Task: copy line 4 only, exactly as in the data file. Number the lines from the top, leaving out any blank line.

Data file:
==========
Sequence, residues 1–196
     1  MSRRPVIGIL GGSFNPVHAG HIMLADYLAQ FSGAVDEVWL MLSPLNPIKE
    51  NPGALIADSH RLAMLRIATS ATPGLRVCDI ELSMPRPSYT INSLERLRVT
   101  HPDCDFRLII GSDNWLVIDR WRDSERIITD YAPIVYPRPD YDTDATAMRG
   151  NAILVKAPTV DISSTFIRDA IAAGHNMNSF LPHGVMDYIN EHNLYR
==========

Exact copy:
   101  HPDCDFRLII GSDNWLVIDR WRDSERIITD YAPIVYPRPD YDTDATAMRG